too strenuous : ' The hatch-men of the government,' he com- 
plained, ' in the course of my marching do not get sufficient 
strength and power to destroy and raze the temples of the 
infidels that meet the eye on the way.' Hence Aurangzeb 
ordered : ' You should appoint an orthodox Inspector 
(darogha) who may afteiyrards destroy them at leisure and 
dig up their foundations.' 22 Ironically, however, this darogha 
happened to be the Maralthia, and he dug up the foundations 
of Aurangzeb's Empire ! 

Addressing the imperial officers, Sivaji wrote in effect : 
4 For the last three years ye have been under orders from 
Aurangzeb to seize my country and forts. Ye are reminded 
that even the steed of unimaginable exertion is too weak to 
gallop over this hard country, and that its conquest is difficult. 
My home is unlike the forts of Kaylani and Badar, and is not 
situated on a spacious plain. It has lofty mountain ranges, 
200 leagues in length and 4D leagues in depth : everywhere 
there are ndlas difficult to ford ; and sixty forts of rare strength 
have been built, some on the sea-coast. Afzal Khan came 

against me on behalf of tKe ' Adil Shah and perished Why 

do not you report to the Emperor what has happened, so that 
the same fate may not overtake you ? Amir-ul umara Sha'ista 
Khan was sent against these sky-kissing ranges and abysmal 
valleys. He laboured hard for three long years and bluffed 
to the Emperor that I was going to be subdued in the shortest 


time. But at last, as all false men deserve, he encountered a 
terrible disaster and went away in disgrace. It is 9 my duty to 
guard my land : 

The wise should beware of this river of blood,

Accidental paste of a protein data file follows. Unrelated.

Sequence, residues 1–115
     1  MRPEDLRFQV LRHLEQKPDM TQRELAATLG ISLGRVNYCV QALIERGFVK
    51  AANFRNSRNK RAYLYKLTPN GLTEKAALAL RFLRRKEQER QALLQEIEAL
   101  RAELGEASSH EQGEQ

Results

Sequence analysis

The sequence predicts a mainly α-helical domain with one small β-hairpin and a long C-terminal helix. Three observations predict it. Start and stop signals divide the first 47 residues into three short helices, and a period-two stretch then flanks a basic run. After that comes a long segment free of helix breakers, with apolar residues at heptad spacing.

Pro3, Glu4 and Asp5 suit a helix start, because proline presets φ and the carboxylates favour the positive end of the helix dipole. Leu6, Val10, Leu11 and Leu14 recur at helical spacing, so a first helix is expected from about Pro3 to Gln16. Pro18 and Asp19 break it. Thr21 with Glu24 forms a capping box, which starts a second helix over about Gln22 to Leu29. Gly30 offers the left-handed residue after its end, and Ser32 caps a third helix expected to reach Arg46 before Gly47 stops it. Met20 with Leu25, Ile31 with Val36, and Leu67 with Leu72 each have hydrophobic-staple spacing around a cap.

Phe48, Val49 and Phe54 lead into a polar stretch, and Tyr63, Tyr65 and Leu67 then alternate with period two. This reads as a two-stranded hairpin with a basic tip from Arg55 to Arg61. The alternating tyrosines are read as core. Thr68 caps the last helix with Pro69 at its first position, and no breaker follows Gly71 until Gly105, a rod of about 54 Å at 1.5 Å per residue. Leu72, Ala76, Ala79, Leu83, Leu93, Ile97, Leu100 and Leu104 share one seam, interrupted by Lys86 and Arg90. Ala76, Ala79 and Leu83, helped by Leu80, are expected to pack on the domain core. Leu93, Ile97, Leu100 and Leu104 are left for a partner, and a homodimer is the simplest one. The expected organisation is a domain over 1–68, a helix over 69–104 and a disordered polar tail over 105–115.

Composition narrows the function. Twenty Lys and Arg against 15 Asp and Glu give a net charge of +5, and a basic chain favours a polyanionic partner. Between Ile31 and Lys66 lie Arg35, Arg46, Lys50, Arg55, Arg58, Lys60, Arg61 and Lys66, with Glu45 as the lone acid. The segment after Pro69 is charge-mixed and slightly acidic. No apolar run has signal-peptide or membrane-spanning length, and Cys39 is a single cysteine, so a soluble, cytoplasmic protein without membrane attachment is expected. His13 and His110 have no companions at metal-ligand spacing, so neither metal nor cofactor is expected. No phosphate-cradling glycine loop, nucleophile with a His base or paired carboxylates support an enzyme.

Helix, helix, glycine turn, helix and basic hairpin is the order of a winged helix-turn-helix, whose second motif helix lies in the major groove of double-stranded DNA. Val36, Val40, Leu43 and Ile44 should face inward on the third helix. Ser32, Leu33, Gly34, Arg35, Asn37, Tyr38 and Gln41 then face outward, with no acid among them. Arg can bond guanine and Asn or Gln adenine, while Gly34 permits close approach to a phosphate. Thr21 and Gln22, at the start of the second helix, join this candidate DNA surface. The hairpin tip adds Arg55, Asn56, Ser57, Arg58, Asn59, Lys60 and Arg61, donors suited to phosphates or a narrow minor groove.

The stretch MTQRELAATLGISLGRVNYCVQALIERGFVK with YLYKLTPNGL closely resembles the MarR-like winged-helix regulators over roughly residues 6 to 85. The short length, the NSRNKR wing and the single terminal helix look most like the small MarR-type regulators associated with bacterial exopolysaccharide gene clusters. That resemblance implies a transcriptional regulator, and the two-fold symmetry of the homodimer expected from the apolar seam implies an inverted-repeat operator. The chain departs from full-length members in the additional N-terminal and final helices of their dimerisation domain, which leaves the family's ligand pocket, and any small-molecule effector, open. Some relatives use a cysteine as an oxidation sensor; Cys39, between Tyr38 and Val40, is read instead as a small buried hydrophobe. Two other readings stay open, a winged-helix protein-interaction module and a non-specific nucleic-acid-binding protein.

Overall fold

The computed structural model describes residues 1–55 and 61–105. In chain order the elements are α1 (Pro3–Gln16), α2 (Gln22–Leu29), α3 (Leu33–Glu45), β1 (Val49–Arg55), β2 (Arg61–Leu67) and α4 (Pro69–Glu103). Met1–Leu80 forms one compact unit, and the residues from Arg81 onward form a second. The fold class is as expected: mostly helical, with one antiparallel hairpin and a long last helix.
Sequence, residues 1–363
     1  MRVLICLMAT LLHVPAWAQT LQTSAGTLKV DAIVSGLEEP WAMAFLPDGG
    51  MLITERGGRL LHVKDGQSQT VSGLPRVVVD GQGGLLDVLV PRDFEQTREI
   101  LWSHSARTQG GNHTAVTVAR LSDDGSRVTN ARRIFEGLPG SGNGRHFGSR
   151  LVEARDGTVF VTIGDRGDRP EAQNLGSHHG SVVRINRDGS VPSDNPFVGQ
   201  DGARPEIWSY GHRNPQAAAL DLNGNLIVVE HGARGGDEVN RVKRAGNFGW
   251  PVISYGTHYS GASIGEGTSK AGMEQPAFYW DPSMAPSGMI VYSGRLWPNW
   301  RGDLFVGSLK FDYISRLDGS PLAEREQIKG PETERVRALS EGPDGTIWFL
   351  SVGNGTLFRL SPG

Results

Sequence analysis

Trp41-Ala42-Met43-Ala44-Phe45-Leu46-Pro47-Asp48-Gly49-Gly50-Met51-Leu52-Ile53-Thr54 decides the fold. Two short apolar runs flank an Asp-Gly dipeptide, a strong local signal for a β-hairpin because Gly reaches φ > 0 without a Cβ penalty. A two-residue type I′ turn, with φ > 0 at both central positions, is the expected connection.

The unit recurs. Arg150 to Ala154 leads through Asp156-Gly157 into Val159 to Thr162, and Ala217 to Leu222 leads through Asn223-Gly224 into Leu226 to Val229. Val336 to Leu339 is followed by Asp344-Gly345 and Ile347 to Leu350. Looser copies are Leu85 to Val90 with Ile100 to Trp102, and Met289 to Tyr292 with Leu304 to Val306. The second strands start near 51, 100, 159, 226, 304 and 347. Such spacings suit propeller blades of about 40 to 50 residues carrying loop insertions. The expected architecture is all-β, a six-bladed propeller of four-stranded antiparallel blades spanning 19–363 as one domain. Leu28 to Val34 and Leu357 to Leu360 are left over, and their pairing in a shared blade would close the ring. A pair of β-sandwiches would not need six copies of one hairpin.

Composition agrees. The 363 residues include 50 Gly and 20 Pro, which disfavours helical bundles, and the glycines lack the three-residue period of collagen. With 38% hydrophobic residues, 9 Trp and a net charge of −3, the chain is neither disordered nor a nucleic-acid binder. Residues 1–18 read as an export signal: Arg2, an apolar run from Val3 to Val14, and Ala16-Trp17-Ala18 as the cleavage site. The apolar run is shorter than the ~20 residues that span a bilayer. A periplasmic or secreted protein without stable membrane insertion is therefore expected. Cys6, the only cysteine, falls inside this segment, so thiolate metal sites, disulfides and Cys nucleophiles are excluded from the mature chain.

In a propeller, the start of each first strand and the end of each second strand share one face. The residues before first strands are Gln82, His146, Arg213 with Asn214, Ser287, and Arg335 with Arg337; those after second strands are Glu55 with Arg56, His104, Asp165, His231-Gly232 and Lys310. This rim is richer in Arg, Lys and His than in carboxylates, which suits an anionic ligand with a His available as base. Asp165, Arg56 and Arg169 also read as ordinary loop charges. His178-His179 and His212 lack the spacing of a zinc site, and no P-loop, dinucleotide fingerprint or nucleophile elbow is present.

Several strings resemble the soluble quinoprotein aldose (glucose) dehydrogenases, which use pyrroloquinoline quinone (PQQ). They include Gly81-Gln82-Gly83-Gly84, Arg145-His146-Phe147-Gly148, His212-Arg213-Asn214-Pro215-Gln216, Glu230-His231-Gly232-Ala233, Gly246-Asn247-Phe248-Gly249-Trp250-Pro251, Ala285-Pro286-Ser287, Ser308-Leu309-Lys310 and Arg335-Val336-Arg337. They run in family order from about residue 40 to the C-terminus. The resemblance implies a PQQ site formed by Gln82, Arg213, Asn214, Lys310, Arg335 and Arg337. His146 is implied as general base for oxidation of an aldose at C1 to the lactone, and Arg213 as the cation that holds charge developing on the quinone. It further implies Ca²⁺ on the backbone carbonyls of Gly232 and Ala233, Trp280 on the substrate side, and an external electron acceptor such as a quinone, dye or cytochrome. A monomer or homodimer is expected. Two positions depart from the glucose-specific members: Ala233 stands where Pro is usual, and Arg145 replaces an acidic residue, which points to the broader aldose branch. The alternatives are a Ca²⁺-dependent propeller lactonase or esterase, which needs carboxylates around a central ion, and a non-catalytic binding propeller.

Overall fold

No man can ford, in safety, its terrible flood/ 23 

This was not a vain and empty boast. Its force was 
brought home to the Mughals during the campaigns of 1670 
and the succeeding years. On 4 February 1670 Korwjaiia 
(Simhagad) was captured by the heroic sacrifice of Taniajl. On 
8 March Purandar was retaken by Nilo Pant. A few days 
later, the qilffdar of Chandod was field up in his fort and the 
town was plundered yielding Rs. 40,000, an elephant and 
twelve horses. At Kalya^-Rhiwancli, Uzbeg Khan (thanediar) 
was killed and the place captured. Ludi Khan the fauzddr of 
Konkan was beaten and put to flight (March 1670). The 
jaujdar of NandetJ deserted his post in a panic. Though there 
were temporary setbacks at ParneY, Junnar and MBhuli, the 
position was soon retrieved. By the end of April 1670 the 
Manathas had plundered 51 villages in the vicinity of Ahmad- 
nagar, Junnar and Parenda/ LohganJ was captured in May, 
and Hindola, Karnalia and Rohida in June. On 16 June 
Mahuli was recaptured after slaying its new commandant, 
Alawardi Beg, and 200 of the garrison. 

All this time, Prince Muazzam and Dilir Khan were en- 
gaged in an unseemly quarrel, almost amounting to civil war. 
Aurangzeb deputed Iftikhar Khian in March 1670 to compose 
their differences ; but ' he played the Jack on both sides ' and 
added fuel to the fire. Muazzam complained of Dilir's defiant 
conduct, and the plunder of imperial villages by his Pathan 
troops. " The latter charge was borne out by the reports of 
the news-writers." The Khan was dftually chased across the 
Tapti by Muazzam and Jaswant Singh "with all the avail-